Robert Doisneau [ʁobeʁ' dwano'] (Gentilly, near Paris, April 14, 1912-Paris, April 1, 1994) was a French photographer.</p >
He was trained as a lithographic engraver and typographer in Paris. In 1929 he began to take his first photographs learning self-taught and reading the instructions on the emulsion boxes to develop. He began working in a photographic studio that he would later buy when his owner died. In 1931 he began working with the artist André Vigneau thanks to his knowledge as an engraver. This introduced him to the world of photography as art. In an interview with El País Semanal in 1991, he recounted: «When I started, nobody knew anyone. There were no magazines spreading the work of the most interesting photographers. That's why the only person who influenced me was Vigneau. He was formidable: sculptor, painter, photographer». At this time he also discovered Man Ray.
He initially worked as an industrial and advertising photographer at the Renault de Billancourt factory, until he was fired for his repeated absences. In his words, "disobeying seemed to me a vital function and I did not deprive myself of doing it." From inanimate objects he moved on to photographs of people in Paris and Gentilly. On September 25, 1932, L'Excelsior published his first photograph. The crisis of the thirties affected him, and he had to spend a long time without commissions. He lived in Montrouge from 1937 until his death. On September 25, 1993, Doisneau took his last photo. On April 1, 1994, at the age of 81, he died.
He participated as a soldier in the French Resistance during World War II until he was demobilized in 1940. Those were painful times when he took commissioned photographs of scientists and did not stop photographing the occupation and liberation of Paris. After the war was over, he was hired by the ADEP agency and worked together with Henri Cartier-Bresson and Robert Capa, reflecting the joy and joviality of the city of Paris after the misfortune. From 1945 he collaborated with Le Point and joined the Rapho agency for life, photographing Pablo Picasso, among others. All his work, outside of those commissioned, continued to focus on public life and situating his characters in an everyday setting. "My picture is the world as I want it to be."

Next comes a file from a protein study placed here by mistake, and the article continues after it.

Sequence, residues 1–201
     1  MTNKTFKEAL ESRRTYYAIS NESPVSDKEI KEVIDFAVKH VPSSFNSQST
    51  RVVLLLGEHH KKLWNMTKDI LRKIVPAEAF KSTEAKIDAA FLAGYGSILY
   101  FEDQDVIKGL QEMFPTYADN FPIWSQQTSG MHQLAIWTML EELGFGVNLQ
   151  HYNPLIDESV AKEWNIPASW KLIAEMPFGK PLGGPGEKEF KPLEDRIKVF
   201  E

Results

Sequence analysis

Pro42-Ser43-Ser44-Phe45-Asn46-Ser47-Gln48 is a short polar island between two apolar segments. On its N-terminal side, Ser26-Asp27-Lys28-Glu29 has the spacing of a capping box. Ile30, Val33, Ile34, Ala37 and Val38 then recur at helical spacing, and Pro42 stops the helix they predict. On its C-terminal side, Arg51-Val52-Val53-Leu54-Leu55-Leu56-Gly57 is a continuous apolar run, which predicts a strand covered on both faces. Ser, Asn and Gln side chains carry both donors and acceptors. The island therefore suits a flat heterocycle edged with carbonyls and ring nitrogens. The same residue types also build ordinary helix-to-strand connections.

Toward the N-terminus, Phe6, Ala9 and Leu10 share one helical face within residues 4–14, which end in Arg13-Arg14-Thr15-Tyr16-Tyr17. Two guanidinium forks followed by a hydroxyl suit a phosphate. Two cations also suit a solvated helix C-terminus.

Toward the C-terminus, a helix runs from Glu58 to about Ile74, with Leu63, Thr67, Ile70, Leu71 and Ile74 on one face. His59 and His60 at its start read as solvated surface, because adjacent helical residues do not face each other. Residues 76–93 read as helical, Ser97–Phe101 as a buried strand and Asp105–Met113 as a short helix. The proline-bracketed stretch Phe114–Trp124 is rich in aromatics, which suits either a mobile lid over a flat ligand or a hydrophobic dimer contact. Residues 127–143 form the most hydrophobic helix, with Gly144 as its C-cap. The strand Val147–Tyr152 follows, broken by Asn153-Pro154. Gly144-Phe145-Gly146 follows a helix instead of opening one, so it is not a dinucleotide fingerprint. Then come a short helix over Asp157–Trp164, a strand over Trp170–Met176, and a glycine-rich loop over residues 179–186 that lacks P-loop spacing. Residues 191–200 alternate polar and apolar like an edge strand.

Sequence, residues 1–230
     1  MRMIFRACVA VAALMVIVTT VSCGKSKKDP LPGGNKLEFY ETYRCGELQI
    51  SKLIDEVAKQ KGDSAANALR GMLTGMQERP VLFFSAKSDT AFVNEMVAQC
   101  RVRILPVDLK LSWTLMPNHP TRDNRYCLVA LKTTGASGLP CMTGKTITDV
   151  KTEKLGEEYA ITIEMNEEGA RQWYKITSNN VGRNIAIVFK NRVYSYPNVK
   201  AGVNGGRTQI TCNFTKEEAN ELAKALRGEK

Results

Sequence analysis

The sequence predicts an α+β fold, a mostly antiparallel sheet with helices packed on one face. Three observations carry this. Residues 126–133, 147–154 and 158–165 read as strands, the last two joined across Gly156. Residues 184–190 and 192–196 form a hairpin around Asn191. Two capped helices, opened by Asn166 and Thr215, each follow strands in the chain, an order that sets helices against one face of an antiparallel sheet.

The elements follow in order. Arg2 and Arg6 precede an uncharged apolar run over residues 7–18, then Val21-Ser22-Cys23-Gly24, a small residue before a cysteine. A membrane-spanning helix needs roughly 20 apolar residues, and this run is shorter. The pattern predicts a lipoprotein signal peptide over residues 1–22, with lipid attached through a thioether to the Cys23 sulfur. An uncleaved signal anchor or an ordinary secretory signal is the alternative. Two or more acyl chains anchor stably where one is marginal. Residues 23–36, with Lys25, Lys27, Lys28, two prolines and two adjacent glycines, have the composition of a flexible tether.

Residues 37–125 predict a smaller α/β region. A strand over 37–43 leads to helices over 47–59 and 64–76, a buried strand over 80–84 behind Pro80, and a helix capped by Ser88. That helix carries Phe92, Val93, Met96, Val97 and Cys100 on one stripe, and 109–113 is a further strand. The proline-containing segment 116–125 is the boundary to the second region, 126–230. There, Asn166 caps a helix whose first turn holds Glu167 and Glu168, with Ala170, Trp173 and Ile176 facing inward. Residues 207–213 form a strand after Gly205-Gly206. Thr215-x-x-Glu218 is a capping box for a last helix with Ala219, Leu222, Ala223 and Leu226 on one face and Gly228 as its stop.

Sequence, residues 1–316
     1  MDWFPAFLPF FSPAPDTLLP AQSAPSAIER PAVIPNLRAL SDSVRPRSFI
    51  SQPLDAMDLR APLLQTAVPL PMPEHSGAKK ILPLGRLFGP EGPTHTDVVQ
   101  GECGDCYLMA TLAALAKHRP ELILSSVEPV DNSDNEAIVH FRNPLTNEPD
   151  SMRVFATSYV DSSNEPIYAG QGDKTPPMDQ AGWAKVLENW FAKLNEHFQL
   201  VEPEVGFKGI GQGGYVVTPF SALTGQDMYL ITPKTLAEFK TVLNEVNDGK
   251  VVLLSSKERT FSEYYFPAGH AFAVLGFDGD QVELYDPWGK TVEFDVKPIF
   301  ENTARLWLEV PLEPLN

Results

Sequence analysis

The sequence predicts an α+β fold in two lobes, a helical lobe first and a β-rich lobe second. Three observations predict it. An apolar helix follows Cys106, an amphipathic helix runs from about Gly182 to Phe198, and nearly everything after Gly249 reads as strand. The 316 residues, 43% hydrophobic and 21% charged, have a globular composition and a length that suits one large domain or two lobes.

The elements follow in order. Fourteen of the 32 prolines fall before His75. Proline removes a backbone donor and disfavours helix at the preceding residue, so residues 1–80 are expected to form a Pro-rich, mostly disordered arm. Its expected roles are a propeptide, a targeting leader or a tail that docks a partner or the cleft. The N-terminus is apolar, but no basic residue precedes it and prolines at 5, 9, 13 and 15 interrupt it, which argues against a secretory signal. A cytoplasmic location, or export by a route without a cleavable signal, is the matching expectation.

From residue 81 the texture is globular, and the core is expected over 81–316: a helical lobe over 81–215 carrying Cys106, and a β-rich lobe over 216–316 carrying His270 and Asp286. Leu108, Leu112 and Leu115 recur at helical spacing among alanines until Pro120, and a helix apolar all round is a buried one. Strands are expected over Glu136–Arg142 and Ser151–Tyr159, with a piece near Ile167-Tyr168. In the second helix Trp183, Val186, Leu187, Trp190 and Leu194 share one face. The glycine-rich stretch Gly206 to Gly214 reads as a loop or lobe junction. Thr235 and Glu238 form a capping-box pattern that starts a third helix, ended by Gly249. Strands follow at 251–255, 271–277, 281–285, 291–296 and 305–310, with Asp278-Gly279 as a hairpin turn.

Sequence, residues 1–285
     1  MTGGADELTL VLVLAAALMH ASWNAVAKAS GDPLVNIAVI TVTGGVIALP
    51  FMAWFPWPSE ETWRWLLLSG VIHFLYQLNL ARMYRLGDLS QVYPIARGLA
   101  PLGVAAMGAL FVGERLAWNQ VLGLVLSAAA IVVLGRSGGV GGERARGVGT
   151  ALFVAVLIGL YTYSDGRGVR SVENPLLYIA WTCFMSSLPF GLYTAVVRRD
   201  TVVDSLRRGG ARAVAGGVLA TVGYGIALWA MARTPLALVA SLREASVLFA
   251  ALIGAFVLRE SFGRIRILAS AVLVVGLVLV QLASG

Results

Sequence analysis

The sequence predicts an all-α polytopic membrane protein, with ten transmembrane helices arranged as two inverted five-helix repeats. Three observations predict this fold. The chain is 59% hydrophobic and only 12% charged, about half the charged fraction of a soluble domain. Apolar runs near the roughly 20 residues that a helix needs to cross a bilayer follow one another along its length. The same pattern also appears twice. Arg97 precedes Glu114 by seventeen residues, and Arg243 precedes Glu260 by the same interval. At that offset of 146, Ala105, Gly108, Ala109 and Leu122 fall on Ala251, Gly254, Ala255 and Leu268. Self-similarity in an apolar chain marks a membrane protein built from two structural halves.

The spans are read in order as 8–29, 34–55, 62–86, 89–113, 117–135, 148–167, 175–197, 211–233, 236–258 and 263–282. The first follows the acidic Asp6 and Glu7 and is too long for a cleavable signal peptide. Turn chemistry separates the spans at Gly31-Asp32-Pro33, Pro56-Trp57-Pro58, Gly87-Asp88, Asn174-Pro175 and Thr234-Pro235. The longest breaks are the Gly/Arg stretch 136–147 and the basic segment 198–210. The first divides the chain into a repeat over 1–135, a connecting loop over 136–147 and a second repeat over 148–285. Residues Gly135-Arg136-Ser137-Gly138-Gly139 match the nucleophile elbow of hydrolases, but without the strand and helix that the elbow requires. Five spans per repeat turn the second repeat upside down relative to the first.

With Robert Giraud he opens up to the capital's nightlife: jazz, cafes and alternative art. He tours Montparnasse and Saint-Germain-des-Prés where he will meet Jean Paul Sartre, Albert Camus and Jean Cocteau among others. It's her way of escaping the artificial world of 'Vogue'.
In 1950, Doisneau was looking for material to fulfill a commission for the American magazine America's Life, interested in lovers in Paris. This is where the series Besos and his most significant work, El beso, will come from. The photograph mysteriously shows a couple kissing in front of the Paris City Hall.
Many thought it was a spontaneous photograph that the author had taken on the streets of Paris. However, years later it was learned that the couple was made up of drama students Françoise Bornet and Jacques Carteaud, from the Simon Courses. The artist who would make them anonymously famous discovered them in a Parisian café and they both agreed to pose in front of their lens, giving themselves a passionate kiss in the midst of the tumult of the city. The photo became an icon recognized throughout the planet. The work toured all over France and the United States with great success, and would open doors for him abroad. In 1951 he exhibited at the Museum of Modern Art in New York. It is a kiss that symbolized a multitude of things: love, Paris as a romantic city, and represented a time of exalted sentiment. It also became an object that brought juicy profits. Even today the famous kiss sells hundreds of thousands of copies annually.
In 1953 he left Vogue, suffering the eclipse of photography and post-war photographers in the 1960s.
It was not until 1979 that Claude Nori rescued Doisneau by publishing a retrospective of his work in Three Seconds of Eternity.
Rehabilitated for the art world, in the 1980s he toured Asia, with massive exhibitions in Beijing, Tokyo and Kyoto, as well as in Rome and at the Museum of Modern Art in Oxford.
In 1993 The kiss was put on trial. A couple claimed to have recognized themselves in the image and claimed their slice of the pie. At that time, women and men began to appear claiming to be the lovers of the work and raising demands for image rights. That lie that made believe it was an improvised snapshot could not be maintained. The photographer won the trial by presenting as evidence the complete series of photos taken in different parts of Paris with the same couple. He had met her in a cafe near the theater school and had asked them to pose for the photo. Françoise Bornet, the real protagonist of the photo with her boyfriend at the time, Jacques Carteraud, decided to discover her secret: she wanted a percentage of the profits. Once again Doisneau won in the stands. He was able to verify that he had paid for the work of Bornet and his partner. The couple sold the copy of their photo that Doisneau gave them to a Swiss collector who paid €155,000 for it in 1992. Later, the author himself would admit: «It is not an ugly photo, but it shows that it is the result of an scene, they kiss for my camera.”
More than a hundred books and several films have been dedicated to the photographer. More than 500,000 copies of the poster for The Kiss have been sold worldwide, and on April 14, 2012, the search site Google paid tribute to it with a meaningful doodle.
The wonders of everyday life are exciting; no film director can organize the unexpected with what one finds on the street.